In a variety of circumstances involving life insurance policies, guarantees, annuities and wills, courts have permitted the reformation of a contract to amend a scrivener's error in a beneficiary's name. For example, in Bigelow, the Second Circuit considered a dispute between the alleged beneficiaries of an employer's life insurance policy and found that there was " no genuine dispute" that beneficiaries named as the insured's " children" " Sherry" and " Theresa" referred to the insured's children " Sherri" and " Tracy, " where the insured had no other children. Metro. Life Ins. Co. v. Bigelow, 283 F.3d 436, 443-44 (2d Cir. 2002). The Court reasoned that naming " Theresa" in place of " Tracy" was " clearly a transcription error." Id. The Court held that the children were identified with " sufficient specificity" and that they were the proper beneficiaries. Id. [24] Bigelow concerned a fact pattern where, unlike here, there was no allegation that the insured intended to name a person other than his two daughters, and Bigelow also involved questions of law specific to ERISA, which is not at issue in this action. Nevertheless, Bigelow is instructive insofar as it demonstrates that errors in recording a beneficiary's name may be subject to correction. Thus, the Court must reject Michael's argument that, as a matter of law, he is entitled to summary judgment if there is no person with the legal name of " Vanessa Smith." Cases such as Bigelow make clear that the intended beneficiary may have a remedy in equity.

In this case, drawing all inferences in the non-movant's favor, the record contains sufficient evidence from which a reasonable factfinder might conclude that Columbus intended to name Benhester as the 4/5 beneficiary on the Policy application. In his first and second attempts to make the beneficiary change, Columbus filled in portions of the " Name Change" section in a manner suggesting he understood his current beneficiaries to be Benhester and Michael. Specifically, on the first form, after " From, " he wrote, " Benhester Craig, Michael Smith"; after " To, " he wrote, " Anthony C. Smith"; and after " State reason for change, " he wrote, " Mr. Columbus ask to change." Am. Compl. Ex. 3. On the second form, he checked the box to indicate a change in the beneficiary's name, and after " From, " he wrote, " Michael, Benhester, Change"; after " To, " he wrote, " Anthony Columbus Smith -- 'only''"; and after " State reason for change, " he wrote, " Columbus Smith wanted to change the policy." Id. at Ex. 5. Although this information is in the " Name Change" section rather than the " Beneficiary Change" section, a reasonable factfinder could infer that Columbus was describing the change he wished to make in his beneficiaries, and that he understood his current beneficiaries to be Benhester and Michael.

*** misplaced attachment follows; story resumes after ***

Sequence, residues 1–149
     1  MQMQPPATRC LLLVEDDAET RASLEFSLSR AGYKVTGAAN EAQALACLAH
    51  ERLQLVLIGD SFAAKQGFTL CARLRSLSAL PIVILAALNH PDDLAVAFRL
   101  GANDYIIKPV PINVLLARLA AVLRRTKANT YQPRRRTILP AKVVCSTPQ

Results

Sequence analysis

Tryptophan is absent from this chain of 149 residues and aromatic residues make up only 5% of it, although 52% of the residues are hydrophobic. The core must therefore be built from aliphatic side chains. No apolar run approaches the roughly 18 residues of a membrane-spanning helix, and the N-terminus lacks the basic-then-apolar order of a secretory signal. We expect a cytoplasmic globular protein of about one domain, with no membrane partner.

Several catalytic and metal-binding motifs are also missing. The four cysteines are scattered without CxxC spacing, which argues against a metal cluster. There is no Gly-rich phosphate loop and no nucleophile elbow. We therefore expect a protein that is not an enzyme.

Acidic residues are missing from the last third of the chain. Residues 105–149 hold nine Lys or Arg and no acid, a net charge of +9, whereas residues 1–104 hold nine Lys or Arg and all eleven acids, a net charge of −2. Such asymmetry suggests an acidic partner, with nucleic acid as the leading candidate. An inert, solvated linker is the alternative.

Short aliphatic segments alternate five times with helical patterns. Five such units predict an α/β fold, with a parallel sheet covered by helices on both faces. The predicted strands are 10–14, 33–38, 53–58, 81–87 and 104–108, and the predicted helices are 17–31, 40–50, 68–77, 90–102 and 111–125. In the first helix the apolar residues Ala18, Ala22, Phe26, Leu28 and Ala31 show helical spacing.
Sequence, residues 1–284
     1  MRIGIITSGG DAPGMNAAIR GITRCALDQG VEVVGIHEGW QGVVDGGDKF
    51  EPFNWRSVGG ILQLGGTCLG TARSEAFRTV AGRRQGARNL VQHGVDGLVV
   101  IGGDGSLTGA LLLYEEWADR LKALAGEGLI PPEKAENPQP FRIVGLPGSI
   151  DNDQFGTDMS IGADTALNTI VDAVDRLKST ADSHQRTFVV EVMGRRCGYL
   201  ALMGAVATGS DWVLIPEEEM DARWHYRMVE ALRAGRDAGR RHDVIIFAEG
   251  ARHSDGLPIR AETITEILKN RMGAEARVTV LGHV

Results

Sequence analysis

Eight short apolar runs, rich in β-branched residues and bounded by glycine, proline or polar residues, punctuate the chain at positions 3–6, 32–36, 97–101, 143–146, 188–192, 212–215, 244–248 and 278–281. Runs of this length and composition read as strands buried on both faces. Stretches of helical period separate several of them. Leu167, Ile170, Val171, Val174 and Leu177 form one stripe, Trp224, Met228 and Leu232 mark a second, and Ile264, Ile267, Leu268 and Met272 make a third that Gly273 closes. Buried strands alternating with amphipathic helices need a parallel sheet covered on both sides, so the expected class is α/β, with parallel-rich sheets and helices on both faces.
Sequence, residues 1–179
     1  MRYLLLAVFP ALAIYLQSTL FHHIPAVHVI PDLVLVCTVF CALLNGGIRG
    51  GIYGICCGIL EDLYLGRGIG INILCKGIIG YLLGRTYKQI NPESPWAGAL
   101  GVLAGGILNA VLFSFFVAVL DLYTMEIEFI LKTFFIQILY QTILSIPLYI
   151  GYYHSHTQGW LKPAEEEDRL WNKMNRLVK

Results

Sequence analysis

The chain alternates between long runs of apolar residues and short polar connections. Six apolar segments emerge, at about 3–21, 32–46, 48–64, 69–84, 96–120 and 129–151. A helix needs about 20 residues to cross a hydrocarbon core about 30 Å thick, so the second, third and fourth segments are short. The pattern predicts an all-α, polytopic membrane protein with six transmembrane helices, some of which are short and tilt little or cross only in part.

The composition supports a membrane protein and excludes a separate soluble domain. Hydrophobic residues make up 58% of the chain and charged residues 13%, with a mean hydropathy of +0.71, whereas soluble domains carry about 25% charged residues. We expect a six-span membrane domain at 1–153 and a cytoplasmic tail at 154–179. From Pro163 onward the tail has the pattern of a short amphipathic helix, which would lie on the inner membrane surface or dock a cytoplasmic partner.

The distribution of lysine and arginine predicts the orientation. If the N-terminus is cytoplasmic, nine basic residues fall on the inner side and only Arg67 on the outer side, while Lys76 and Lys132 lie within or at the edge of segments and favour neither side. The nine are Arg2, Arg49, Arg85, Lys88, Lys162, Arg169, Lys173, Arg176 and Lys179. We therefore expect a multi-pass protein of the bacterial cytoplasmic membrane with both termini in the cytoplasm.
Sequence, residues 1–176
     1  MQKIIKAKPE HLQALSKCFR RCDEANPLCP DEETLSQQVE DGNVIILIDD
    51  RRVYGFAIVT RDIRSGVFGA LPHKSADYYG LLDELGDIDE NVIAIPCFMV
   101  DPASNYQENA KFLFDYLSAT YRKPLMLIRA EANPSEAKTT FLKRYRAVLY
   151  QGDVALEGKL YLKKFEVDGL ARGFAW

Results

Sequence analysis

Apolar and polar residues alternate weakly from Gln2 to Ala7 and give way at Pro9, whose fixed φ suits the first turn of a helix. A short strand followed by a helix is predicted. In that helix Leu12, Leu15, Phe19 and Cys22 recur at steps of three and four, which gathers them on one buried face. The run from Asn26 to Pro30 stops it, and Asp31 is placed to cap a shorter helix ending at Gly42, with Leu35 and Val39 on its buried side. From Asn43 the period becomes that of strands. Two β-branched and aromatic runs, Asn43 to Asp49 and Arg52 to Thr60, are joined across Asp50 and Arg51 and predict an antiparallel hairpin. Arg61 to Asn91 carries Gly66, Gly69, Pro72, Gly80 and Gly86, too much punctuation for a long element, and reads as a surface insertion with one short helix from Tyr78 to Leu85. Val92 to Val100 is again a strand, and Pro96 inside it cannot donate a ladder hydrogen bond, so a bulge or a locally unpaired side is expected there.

Furthermore, although her co-Defendants focus on whether Benhester was the biological daughter of Columbus, this inquiry is not dispositive; the Policy did not limit beneficiaries to biological children. The Policy application identifies " Vanessa Smith" as Columbus's " daughter, " and Benhester has provided documents from which a factfinder could infer that Columbus considered Benhester to be his daughter: tax returns claiming Benhester as a dependent, an American Funds Beneficiary Designation form identifying her as his " Daughter, " the fax to American Funds Service Center referring to Benhester as Columbus's " daughter, " and a " Beneficiary Provision" form from The Equitable in which he also referred to her as his " daughter." Benhester Mem. II at Ex. 1, 3; Benhester Answer at 20-32, 46. Benhester's co-Defendants have not submitted evidence that Columbus ever referred to anyone other than Benhester as his " daughter."

To the extent Benhester is able to submit Ms. Crudup's letter in admissible form, that letter would further support Benhester's argument. Ms. Crudup contends that Benhester was one of Columbus's " three children." Benhester Answer at 47-48. Moreover, the Policy application identifies the beneficiaries as a 38-year-old daughter and Michael, a 36-year-old son. Am. Compl. Ex. 2. Ms. Crudup's letter noted that, at the time they were placed with her, " Benhester was 6 [years] old[; ] Anthony was 5 [years old; ] and Michael was 4 [years old], " Benhester Answer at 47, thus identifying Benhester as the daughter who was two years older than Michael.

To be sure, these are not the only inferences that a reasonable fact finder might reach. For example, on documents other than the Policy application, including on tax returns, an " Acceptance of Employee" form concerning a pension plan, and an American Funds beneficiary designation form, Columbus correctly identified Benhester as " Benhester Craig, " demonstrating that he was capable of so doing, and calling into question why he did not do so on the Policy application. Benhester Mem. II at Ex. 1-3. On the Policy application, Columbus identified " Vanessa Smith" as being 38 years old, but at that time, according to the birth date Benhester supplied to Wilton, Benhester would have been 33 years old. Am. Compl. at Ex. 13.[25] Moreover, Defendants have not identified any woman claiming the legal last name of Smith other than Sakina Smith.[26] In addition, Benhester has not provided evidence beyond her own unsworn statement, such as affidavits of nonparties, supporting her assertion that Columbus mispronounced her name.